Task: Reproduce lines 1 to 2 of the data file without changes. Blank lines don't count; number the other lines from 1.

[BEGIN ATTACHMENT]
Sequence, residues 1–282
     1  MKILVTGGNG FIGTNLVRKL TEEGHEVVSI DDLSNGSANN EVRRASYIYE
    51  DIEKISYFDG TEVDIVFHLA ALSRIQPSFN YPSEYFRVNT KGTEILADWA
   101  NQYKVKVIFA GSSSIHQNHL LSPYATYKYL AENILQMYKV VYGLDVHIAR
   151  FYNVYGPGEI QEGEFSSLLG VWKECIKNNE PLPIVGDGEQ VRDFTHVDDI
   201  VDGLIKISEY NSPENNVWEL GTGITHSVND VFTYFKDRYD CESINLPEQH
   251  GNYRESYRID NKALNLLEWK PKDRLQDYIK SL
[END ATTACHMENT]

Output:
Sequence, residues 1–282
     1  MKILVTGGNG FIGTNLVRKL TEEGHEVVSI DDLSNGSANN EVRRASYIYE